Note: Fleur du Pavé was awarded one star in the 2020 Michelin Guide.
Chef Sylvain Sendra has traced quite an itinerary through Paris. He started out in a pocket-sized bistro, Le Temps au Temps, on the Rue Paul Bert in the 11th arrondissement. “Discovered” by Parisian foodies, it soon outgrew its small space, and he moved on to the fifth arrondissement, where he opened the much larger and more expensive Itinéraires, which eventually earned a Michelin star. That, too, closed down in time, and Sendra has now popped up in the even fancier Fleur du Pavé in the second arrondissement.
Stylishly done up with black walls and tables, complemented by caned and yellow-upholstered chairs, Fleur du Pavé is generously staffed with pleasant young men and a sommelière.
When we enquired about the “vegetal” tasting menu for €45. (four courses, lunchtime only), we were told that it did contain some meat (!) and that all the vegetables served were provided by Asafumi Yamashita, a farmer so exclusive that he decides which chefs are worthy of his vegetables and sells them only to those select few. Okay!
The meal kicked off with the obligatory (in this kind of aspirational restaurant) amuse-bouches. One was a tiny tart with a Parmesan-flavored crust filled with tzatziki, pickles and mint. The other was a tiny sandwich of puffed black rice with eggplant purée, labnè (Lebanese cheese) and a slice of daikon (Japanese radish), sprinkled with mushroom powder. Both were delicate and lovely. They were accompanied by a pretty house-made brioche and a dish of Rossi olive oil from the South of France for dipping.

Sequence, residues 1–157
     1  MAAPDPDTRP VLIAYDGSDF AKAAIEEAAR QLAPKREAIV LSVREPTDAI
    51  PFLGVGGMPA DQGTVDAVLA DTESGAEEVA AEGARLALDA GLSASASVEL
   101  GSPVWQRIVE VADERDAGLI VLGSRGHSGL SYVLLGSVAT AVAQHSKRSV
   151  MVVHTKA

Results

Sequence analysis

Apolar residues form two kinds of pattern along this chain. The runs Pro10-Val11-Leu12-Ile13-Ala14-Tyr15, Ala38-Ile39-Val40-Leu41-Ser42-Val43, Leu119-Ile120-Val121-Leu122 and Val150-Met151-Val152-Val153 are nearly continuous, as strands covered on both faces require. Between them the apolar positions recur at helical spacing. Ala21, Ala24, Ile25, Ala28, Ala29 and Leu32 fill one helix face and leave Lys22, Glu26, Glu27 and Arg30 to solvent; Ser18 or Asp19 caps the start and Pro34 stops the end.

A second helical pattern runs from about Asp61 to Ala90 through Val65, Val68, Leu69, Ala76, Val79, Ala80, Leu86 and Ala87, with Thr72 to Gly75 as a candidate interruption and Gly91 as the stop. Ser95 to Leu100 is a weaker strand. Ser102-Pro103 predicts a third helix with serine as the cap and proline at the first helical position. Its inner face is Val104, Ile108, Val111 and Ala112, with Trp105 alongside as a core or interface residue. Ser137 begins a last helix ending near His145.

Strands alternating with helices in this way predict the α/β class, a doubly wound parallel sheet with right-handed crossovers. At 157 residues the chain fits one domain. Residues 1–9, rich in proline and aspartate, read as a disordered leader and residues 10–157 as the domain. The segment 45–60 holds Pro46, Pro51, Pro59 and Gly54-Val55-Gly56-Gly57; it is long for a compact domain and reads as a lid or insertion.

When the first course came, my lunch companion expressed a desire to share with me her main “gripe” about fine French food. I never would have guessed what it was: “It’s made for people with no teeth.” In other words, mushy. This turned out to apply not only to the first course – a delicate cauliflower cream with razor-thin slices of raw cauliflower (not much chewing needed there) and a brilliant touch of Madagascar vanilla – but to the entire meal. I’ll be on the lookout for this phenomenon from now on.
The next course was really mushy: kabocha squash flavored with cumin and curry with an egg and Mimolette cheese. I was unimpressed at first, but it grew on me.
Then came marvelous potato gnocchi with puréed potatoes, lovely house-smoked sliced duck breast (some chewing required). Mr. Yamashita’s delicious basil leaves provided a perfect counterpoint.
Dessert was a very creamy rice pudding with a motherlode of salted caramel sauce hidden at the bottom and caramelized pistachios on top.
As my friend pointed out, this was not really a meal you could get your teeth into, but it was delicious and original nonetheless.
I wondered if there aren’t historical roots to the mushiness issue. Perhaps mushy equaled refined – no vulgar chewing required – in the mind of 19th-century French chefs like Carême and Escoffier, who set the standards for haute cuisine. Any thoughts from learned readers?